This all-day Visioning Work Session will be the gift that keeps on giving. Content for many weeks and months of future blog posts.

Yes, there were some at this meeting who grumbled about this or that but that’s to be expected from those who spend most of their week trying to put out fires and dealing with complaints all day. But with fewer and fewer fires to fight it’s time to look forward. And that’s what City Manager Michael Bornstein decided to do. That was the purpose for “Visioning”. It was sad to see some cynical gestures and some ‘making of faces’ now and then from officials in the highest levels of this City administration. No doubt happy to be on the platform but not quite ready to board the train.

At any point whilst reading this blog post you can begin to watch the City’s YouTube video of this meeting, more information about the facilitating consultant, and some brief notes scroll back up and click on this link.

This Special Work Session was from 9:30 a.m. to 4:30 on Tuesday, July 24th, attended by the City Commission, administration and department heads in a “retreat” format. The purpose was to allow the mayor, commission and staff time to focus and look at where Lake Worth will be in the future.

A big part of that future is messaging, branding and outreach which will draw some chuckles from blog readers. The City still hasn’t created an official Facebook page. Just keeps on dithering. Meanwhile, the nearby municipality of Greenacres has been using Twitter in combination with Facebook quite effectively for almost two years. Click on this link for a view of the Visioning Session on Twitter in Lake Worth City Hall.

You see, an official photo on the City’s Twitter feed is OK. But the City doesn’t have an official Facebook feed. November 11th will be another Veterans Day Parade in this City and then will come the annual hand-wringing and solemn faces at the City Commission why attendance is so low. Again. Just like the miserably low attendance at the Memorial Day event this year. Again. And the dithering about Facebook continues. . .

“So why now for this ‘visioning’ thing?”


The answer is simple. It was time.

Instead of dealing with the mundane daily business of running a City, it was an opportunity to look at the “Big Picture”. The meeting was held in the Commission chambers. The first two rows of seats where removed allowing a large table to be placed in front of the dais. The public could come and go all day long during the meeting. I showed up between 3:00 and 4:00. Curiously asked around if any news media or anyone from The Palm Beach Post showed up and nobody recalled seeing any reporters.

While I was there you could see that the Commission had been very busy earlier in the day with the help of facilitator and consultant Kevin Knutson. There were large sheets of paper posted on the walls showing thoughts expressed during the day about the general direction and condition of the City. I was able to capture most of them. Look them over. Some will be surprising and others not as much.


Click on all images to enlarge:







One of the recurring themes was how the City presents itself to the world. There was also a lot of discussion on the importance of redevelopment and getting a larger share of tourism dollars through additional hotel rooms. The City’s demographics, ways in which to improve incomes and the importance of our education infrastructure were all identified as important areas of future focus.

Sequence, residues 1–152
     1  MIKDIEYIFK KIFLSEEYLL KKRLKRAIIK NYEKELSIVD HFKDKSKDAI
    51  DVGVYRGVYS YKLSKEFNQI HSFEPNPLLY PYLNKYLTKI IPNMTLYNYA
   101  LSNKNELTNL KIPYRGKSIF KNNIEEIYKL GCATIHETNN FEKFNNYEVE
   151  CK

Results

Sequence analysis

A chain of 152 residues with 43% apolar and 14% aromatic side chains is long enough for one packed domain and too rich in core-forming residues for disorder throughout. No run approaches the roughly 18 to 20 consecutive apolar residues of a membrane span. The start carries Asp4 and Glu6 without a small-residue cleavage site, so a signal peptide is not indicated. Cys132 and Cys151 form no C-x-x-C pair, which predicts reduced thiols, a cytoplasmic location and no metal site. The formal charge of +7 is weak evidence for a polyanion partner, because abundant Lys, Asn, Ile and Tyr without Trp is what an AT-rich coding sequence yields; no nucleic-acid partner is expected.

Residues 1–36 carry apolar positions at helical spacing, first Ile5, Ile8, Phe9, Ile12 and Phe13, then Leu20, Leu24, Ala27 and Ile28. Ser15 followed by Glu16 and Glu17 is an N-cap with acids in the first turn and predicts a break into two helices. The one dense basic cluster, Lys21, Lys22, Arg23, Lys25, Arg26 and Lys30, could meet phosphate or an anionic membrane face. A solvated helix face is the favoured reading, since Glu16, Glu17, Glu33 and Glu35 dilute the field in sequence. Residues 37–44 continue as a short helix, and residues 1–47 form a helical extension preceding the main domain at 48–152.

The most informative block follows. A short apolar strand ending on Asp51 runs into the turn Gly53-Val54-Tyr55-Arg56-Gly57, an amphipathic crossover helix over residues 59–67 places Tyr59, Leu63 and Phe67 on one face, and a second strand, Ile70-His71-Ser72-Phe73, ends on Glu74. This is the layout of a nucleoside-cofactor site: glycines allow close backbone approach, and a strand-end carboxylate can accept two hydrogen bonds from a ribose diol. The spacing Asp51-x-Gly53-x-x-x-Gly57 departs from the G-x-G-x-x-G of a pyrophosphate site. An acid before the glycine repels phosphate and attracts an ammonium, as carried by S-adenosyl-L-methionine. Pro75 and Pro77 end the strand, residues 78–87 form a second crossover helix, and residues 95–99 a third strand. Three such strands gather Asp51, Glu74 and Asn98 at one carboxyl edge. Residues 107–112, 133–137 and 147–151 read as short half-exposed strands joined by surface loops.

How the product of this meeting will manifest itself and become integrated into actual policies and procedures is yet to be seen. It is my understanding that Mr. Knutson and his colleagues will distill areas where the mayor, commissioners, administration and staff share a common vision. This should emerge as some sort of report in the coming weeks or months in the form of a written report or a public presentation to the Commission.

This is the first “Visioning Session” I remember this City holding in a quite a long while. They were much more common 10–15 years ago. For a while they were held on an annual basis. 


Here some more sheets posted
on the wall from the session:





Please check back every few days for more about this Visioning Work Session. And it might be good for some public officials to pay close attention as well when they begin to go “off the rails”. And this will also be good information for those seeking election and re-election on March 12th, 2019. The “Visioning” train is heading forward. Not backward.

When the next blog post is up will place a note at the top of the right-hand column.

And, as always, Thank You for visiting today.

“No good way to prevent suicide by train, experts concede”, front page headline on Sunday in The Palm Beach Post.


And buried in the paper on page A15 were the steps to help people considering suicide. Later in this blog post is more information, what every editor and reporter needs to know:


According to numerous research studies, prominent media stories about suicide are associated with a significant increase in suicide attempts within the media outlet’s coverage area.

Please Note: All news reports about suicide must prominently display what is called “The Lifeline”.


Reading the article in the Post, front page news on Sunday, July 29th, don’t recall any reference to a thing called “suicide contagion” and the important role the press and media plays in reporting about suicide. Suicide is not you’re typical news reporting. It’s treated much different, or should be. For example, a blaring news report on a Sunday can have very real consequences for families and friends on Monday–Saturday.